eggs that had embryoes visible inside that 
were facing the micropyle. However, the 


empty eggs of S. varifrons present on cock- 
roach nymphs from which they dissected 
larvae were intact, indicating that the larvae 
had entered the host from near or through 
the sac. 


We examined 29 or 30 puparia obtained 
from the rearings of S. biannulata from 
Gryllus already discussed in the section on 
hosts. All specimens are now housed at the 
National Museum of Natural History, 
Smithsonian Institution, Washington, D.C. 
As this life stage is unknown for any Styl- 
ogaster, we are describing it here. 

Description.—Reddish brown to dark 
brown; ovoid (Fig. 9), surface finely wrin- 
kled with crisscrossing network of slightly 
raised bands (Figs. 10, 11, rb), at higher 
magnification the surface appears more 
deeply wrinkled (Fig. 11); posterior end 
with lateral raised areas that are bilobed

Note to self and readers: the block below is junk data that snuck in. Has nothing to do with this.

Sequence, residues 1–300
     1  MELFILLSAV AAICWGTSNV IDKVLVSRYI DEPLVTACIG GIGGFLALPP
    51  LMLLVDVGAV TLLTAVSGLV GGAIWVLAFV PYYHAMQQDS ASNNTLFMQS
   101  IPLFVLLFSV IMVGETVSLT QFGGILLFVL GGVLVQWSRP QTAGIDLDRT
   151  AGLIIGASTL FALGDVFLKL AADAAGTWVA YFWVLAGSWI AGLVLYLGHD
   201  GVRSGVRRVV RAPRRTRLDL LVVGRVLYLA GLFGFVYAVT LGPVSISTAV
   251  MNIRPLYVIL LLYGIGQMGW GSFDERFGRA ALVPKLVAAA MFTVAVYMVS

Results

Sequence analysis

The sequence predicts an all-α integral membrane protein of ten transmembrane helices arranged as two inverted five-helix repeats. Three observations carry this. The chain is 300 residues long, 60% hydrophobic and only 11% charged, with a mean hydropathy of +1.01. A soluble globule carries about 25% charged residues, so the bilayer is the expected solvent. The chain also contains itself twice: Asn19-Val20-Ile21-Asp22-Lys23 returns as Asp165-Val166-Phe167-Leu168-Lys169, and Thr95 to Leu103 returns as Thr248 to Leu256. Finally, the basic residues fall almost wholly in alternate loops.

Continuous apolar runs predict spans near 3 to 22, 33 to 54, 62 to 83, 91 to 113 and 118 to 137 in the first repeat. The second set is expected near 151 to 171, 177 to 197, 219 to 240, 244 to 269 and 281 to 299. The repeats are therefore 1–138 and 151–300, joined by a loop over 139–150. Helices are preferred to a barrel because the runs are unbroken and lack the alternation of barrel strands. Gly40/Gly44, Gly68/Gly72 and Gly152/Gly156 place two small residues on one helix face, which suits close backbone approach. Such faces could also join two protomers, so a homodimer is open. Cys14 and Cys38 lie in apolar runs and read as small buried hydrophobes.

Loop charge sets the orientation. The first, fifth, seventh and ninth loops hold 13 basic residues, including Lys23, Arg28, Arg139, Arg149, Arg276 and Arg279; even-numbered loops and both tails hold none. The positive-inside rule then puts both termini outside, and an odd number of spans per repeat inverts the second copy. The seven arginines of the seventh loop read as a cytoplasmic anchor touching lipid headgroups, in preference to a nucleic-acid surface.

(nearly c-shaped: Figs. 12, 13), with nu- 
merous raised, cone-shaped tubercles that 
end in a pore (Figs. 14, 15; peg-like exudate 
present in many pores is apparently a result 
of drying); posterior end near apex with 
deep cavity with ovoid opening (Fig. 16); 
inner surface of cavity finely wrinkled 
(Figs. 17, 18), with larger wrinkles more or 
less radiating from slightly depressed 
points. Length 4.3-5.9 mm. 

Remarks.—The structure of the pupar- 
ium closely reflects the larval description 
provided by Smith and van Someren 
(1985). The bilobed, laterally raised areas 
on the posterior end presumably correspond 
to the tracheal system, and the sunken cav- 
ity on the posterior end was also noted in 
the larval description. We were not able to 
describe the larval cephalopharyngeal skel- 
eton that is present inside the anterior end 
of the puparium. It is extremely small, and 
we were not successful in several attempts 
in removing it from the tissue in which it 
was embedded. What we could see corre-